How to File a Complaint About a Doctor

Ensuring Your Grievance Is Heard and Acted Upon

Doctors, like anyone, are human who can make mistakes. The grievances can range from inappropriate or unethical behavior to medical errors that can cause serious harm or even death.

When faced with a wrongdoing for which you believe your doctor is to blame, there are avenues you can take to file a complaint. You may not always get the satisfaction you want, and it's possible you may never even get a reply. But does this mean you shouldn't act?

Particularly with government offices or state certification boards, every complaint will be recorded even if it is not deemed actionable. However, if multiple complaints are received and a pattern of behavior is established, there is a far better chance that an investigation will be pursued.

This is why it is important to lodge a complaint even if you never receive the satisfaction you had hoped for. By evidencing inappropriate, illegal, or harmful behavior, you can ensure the problem you experienced won't be shared by others.

Here are some tips and insights that may help:

Where to Lodge a Complaint

Pensive businesswoman looking away in conference room
Caiaimage/John Wildgoose/Getty Images

The first step to taking action is to identify what you hope to achieve. This requires you to look at the matter objectively and assess just how egregious the behavior or event actually was.

For the purpose of a complaint, you would need to establish what harm was done and what type of action would be appropriate to right that wrong.

The examples of this are many but can be broadly described as follows:

  • If you were insulted by a doctor, then you have every right to air your grievance. But would you call the state medical board about this? Probably not. In this instance, the appropriate action may be to write an online review detailing the incident or to confront the doctor directly if you haven't done so yet.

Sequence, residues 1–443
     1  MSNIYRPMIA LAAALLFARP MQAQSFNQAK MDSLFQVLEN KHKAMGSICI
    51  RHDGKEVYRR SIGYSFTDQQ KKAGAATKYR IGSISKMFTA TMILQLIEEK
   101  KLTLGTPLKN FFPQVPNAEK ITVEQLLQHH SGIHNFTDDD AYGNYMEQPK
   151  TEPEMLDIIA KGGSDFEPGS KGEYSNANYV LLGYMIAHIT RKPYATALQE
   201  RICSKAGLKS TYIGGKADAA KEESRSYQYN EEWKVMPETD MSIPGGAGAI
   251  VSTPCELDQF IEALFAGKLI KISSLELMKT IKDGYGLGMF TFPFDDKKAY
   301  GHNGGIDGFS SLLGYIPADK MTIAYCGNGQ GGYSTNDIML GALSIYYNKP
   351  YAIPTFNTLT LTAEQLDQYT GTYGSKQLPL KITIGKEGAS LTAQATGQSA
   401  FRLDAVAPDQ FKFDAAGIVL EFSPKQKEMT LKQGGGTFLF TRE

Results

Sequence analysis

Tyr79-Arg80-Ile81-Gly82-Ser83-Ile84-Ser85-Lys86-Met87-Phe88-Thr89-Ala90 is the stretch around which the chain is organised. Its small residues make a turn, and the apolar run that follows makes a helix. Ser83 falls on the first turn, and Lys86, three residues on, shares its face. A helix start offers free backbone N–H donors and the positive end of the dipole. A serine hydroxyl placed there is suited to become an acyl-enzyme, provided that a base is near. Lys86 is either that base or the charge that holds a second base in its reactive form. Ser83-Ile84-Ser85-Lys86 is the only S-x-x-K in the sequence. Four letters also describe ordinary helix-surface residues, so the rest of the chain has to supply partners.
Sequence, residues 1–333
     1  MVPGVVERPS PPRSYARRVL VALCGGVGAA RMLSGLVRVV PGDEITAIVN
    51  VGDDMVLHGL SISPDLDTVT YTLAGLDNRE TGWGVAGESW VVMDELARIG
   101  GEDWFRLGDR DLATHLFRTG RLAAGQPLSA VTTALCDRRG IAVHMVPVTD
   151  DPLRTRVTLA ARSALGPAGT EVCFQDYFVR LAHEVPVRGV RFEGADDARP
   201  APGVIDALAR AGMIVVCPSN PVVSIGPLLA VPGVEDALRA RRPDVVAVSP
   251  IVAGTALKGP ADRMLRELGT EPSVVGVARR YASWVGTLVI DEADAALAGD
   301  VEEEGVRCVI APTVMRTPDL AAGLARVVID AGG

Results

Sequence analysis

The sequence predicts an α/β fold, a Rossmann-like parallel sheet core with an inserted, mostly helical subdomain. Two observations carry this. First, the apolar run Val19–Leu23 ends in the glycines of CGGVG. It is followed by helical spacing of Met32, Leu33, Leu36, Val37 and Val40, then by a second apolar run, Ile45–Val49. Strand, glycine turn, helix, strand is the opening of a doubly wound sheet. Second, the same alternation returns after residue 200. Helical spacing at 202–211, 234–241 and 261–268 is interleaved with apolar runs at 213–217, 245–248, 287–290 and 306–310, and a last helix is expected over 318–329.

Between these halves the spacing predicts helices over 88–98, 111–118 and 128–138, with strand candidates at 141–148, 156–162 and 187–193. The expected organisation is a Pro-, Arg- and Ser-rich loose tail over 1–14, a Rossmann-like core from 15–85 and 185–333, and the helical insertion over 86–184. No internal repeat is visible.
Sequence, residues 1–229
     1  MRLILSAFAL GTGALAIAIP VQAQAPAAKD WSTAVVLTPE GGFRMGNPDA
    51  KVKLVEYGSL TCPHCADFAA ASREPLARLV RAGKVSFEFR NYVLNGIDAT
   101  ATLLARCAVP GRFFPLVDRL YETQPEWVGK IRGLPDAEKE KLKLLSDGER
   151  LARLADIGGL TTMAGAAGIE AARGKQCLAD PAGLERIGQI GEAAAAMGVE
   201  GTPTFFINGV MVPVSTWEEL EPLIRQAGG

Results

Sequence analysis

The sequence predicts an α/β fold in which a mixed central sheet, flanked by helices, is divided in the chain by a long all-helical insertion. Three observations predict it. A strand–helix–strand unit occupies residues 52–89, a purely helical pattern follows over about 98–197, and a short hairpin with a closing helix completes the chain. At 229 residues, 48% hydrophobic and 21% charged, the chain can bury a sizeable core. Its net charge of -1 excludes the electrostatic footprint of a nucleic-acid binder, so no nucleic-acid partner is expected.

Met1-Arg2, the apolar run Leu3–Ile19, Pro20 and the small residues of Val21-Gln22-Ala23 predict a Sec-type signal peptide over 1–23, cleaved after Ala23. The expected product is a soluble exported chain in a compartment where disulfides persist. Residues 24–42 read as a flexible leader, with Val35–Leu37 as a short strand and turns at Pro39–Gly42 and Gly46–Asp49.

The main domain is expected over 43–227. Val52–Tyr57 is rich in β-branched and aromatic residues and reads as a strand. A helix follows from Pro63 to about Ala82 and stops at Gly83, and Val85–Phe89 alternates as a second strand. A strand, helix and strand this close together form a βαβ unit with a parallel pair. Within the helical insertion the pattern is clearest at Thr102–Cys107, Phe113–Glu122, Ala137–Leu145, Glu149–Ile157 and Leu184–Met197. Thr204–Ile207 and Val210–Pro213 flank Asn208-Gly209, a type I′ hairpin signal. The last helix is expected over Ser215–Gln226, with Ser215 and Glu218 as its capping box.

• On the other hand, if the insult or behavior was directed at you because of race, gender, sexual orientation, age, or religion, there are civil actions you can take, including contacting the Office for Civil Rights at the U.S. Department of Health and Human Services.
  • If you experienced a consumer-related problem, such as overbilling or the non-delivery of services, then a medical board would be unlikely to help. For this, there are consumer protection agencies you can turn to that usually fall under the state attorney general's office.
  • On the other hand, if there have been illegal or unethical billing practices (including fraudulent billing, upcoding, and balance billing), then it is important to report the matter to both the state attorney general's office and the state department of insurance.
  • Finally, if a medical error resulted in personal injury, hospitalization, disability, the loss of quality of life, or death, then it is important to report the matter to the state medical board, the state department of health, and the professional certification board specific to the doctor's practice. You will need to do so with an attorney if you are seeking damages or planning to litigate.

How to Lodge a Complaint

Close-up of hands writing on laptop
Klaus Vedfelt /Getty Images

Many government and institutional authorities allow you to file a complaint directly on their websites. For others, you may need to write a letter. In either case, there are guidelines you should follow to improve your chances of getting a reply:

  • Keep your letter concise. The content should be no more than a few paragraphs, ideally written in short sentences on a single page. Be specific about your complaints, using a bulleted list, if needed, to punctuate your points.
  • Remain objective. Tell what happened as simply as possible rather than describing how you felt. The point is to highlight the inappropriate behavior, not your response to it.
  • Tell what action you would like to be taken. In the end, if you don't know what that action should be, then is probably not actionable. If you are reasonable in your reply and expectations, then your complaint is more likely to be taken seriously.
  • Get help if you are unable to express yourself. If you have trouble communicating what happened or what you want, ask a family member to help or consider hiring a patient advocate experienced in these matters.

Finally, don't go in assuming that your efforts will be for naught. According to the Office for Civil Rights, for instance, of the 165,710 complaints received to September 2017, no less than 97 percent have been investigated and resolved.

If your complaint is appropriate and appropriately directed, the chances are good that it will be heard.

Was this page helpful?
Article Sources
  • Office for Civil Rights: U.S. Department of Health and Human Services. "Numbers at a Glance." Washington, D.C.; updated September 30, 2017.